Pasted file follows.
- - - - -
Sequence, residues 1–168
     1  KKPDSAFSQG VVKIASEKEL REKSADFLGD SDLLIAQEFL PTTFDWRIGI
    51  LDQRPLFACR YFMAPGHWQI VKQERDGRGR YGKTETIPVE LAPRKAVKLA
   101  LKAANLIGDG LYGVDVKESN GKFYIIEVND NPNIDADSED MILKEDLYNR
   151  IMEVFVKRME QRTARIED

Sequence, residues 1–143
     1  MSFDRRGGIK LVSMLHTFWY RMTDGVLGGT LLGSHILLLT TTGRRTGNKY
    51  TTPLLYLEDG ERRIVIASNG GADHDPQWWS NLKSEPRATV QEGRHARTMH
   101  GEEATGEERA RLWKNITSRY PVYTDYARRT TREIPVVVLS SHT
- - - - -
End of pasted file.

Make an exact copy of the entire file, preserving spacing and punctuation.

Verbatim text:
Sequence, residues 1–168
     1  KKPDSAFSQG VVKIASEKEL REKSADFLGD SDLLIAQEFL PTTFDWRIGI
    51  LDQRPLFACR YFMAPGHWQI VKQERDGRGR YGKTETIPVE LAPRKAVKLA
   101  LKAANLIGDG LYGVDVKESN GKFYIIEVND NPNIDADSED MILKEDLYNR
   151  IMEVFVKRME QRTARIED

Sequence, residues 1–143
     1  MSFDRRGGIK LVSMLHTFWY RMTDGVLGGT LLGSHILLLT TTGRRTGNKY
    51  TTPLLYLEDG ERRIVIASNG GADHDPQWWS NLKSEPRATV QEGRHARTMH
   101  GEEATGEERA RLWKNITSRY PVYTDYARRT TREIPVVVLS SHT